On a white ship will I sail,
Watching shadows part for me.

Leaving Havens grey with rain,
Now that years have slipped away.
Leaving friends with gentle pain,
As they start another day.

Roads I've traveled I must leave,
For I've turned the final bend.
Weep not empty tears, but grieve,
As the road comes to an end.

It's so easy not to try;
Let the world go drifting by.
If you never say hello,
You won't have to say goodbye.

If you never say hello,
You won't have to say goodbye!



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cbazler wrote:
Alex Ross, music critic for the New Yorker, wrote an article years back about the eerie phenomenon of several terminally ill patients, all unknown to each other, asking to listen to the music of Estonian composer Arvo Pärt in their final days. I've heard of many similar stories like this wrt this composer:





Alex Ross wrote:
A few years ago, a man who faced a terminal diagnosis of cancer asked a friend to give him some compact disks so that he could have a little music to help him get through the night. Among the recordings that the friend sent was “Tabula Rasa,” on the ECM label, which contained three works by the Estonian composer Arvo Pärt. A day or two later, the man called to thank his friend for the disks, and, especially, for the Pärt. In the last weeks of his life, he listened to practically nothing else.

Several people have told me essentially this same story about the still, sad music of Pärt—how it became, for them or for others, a vehicle of solace. One or two such anecdotes seem sentimental; a series of them begins to suggest a slightly uncanny phenomenon. Patrick Giles, in an article for Salon, reported that when he worked as a volunteer for an AIDS organization, in the nineteen-eighties, he played “Tabula Rasa” for those facing the final onslaught of the disease, and they developed a peculiar, almost desperate attachment to it. Once, when Giles was away, the mother of one of the dying men called with an anxious query. “He keeps asking for 'angel music,' ” she said. “What the hell is that?” The music in question was the second movement of “Tabula Rasa,” in which a rustling arpeggio on a prepared piano leads into glacial chords of D minor.

According to the unsentimental evidence of record sales, Pärt's music reaches far beyond the conspiracy of connoisseurs who support most new classical music. He is a composer who speaks in hauntingly clear, familiar tones, yet he does not duplicate the music of the past. He has put his finger on something that is almost impossible to put into words—something to do with the power of music to obliterate the rigidities of space and time. One after the other, his chords silence the noise of the self, binding the mind to an eternal present.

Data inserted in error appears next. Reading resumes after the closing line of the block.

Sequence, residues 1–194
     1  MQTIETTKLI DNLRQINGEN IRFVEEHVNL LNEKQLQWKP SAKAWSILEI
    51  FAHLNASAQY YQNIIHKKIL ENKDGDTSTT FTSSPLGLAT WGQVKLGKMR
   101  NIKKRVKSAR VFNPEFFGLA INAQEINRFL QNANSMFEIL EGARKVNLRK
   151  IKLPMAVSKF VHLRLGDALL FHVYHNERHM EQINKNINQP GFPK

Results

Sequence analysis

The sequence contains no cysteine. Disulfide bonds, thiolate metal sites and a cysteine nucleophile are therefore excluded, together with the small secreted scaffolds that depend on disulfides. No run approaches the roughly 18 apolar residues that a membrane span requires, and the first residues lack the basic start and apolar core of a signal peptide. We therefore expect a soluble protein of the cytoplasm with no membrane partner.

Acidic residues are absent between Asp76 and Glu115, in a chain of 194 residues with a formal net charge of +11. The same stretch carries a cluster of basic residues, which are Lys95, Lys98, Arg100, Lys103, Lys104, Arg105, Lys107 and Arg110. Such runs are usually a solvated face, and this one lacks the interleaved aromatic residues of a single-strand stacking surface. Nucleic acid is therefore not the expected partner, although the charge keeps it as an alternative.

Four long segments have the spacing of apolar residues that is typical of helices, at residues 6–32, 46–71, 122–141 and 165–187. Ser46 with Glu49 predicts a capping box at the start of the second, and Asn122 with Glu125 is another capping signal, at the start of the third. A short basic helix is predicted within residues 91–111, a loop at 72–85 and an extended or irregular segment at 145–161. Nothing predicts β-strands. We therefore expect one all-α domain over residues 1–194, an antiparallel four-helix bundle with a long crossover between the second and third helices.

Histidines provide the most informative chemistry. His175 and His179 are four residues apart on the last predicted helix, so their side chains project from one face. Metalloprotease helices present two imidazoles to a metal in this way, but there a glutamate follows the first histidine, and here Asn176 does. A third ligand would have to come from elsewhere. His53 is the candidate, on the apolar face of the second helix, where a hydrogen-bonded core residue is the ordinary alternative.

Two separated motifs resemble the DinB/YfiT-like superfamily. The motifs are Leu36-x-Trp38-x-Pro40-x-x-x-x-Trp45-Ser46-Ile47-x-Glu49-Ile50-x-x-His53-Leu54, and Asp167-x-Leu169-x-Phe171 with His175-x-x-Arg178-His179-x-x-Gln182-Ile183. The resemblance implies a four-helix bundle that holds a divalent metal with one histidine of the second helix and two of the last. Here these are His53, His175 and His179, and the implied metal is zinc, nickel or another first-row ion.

Thanks for that reference.
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https://www.youtube.com/watch?v=A9uyMjzmT3k

Because it's my favorite song and will make everyone (or maybe nobody will be there) cry.

and then

https://www.youtube.com/watch?v=R_V9f64KRYk

Cause fuck you that's why.

As for a "death album" that captures the "loss" vibe pretty well I'd have to say

https://www.youtube.com/watch?v=6zurnifn-Y0
 
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Moshe Callen
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ἄνδρα μοι ἔννεπε, μοῦσα, πολύτροπον, ὃς μάλα πολλὰ/ πλάγχθη, ἐπεὶ Τροίης ἱερὸν πτολίεθρον ἔπερσεν./...
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μῆνιν ἄειδε θεὰ Πηληϊάδεω Ἀχιλῆος/ οὐλομένην, ἣ μυρί᾽ Ἀχαιοῖς ἄλγε᾽ ἔθηκε,/...
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Honestly if I'm lucid as I die, I'd like just to talk to my loved ones. I like background music but y wife finds it distracting. If I die alone, just a mix of my favorites-- everything from Credence Clearwater to Metallica and Megadeth to 4 Finger Death Punch and Disturbed.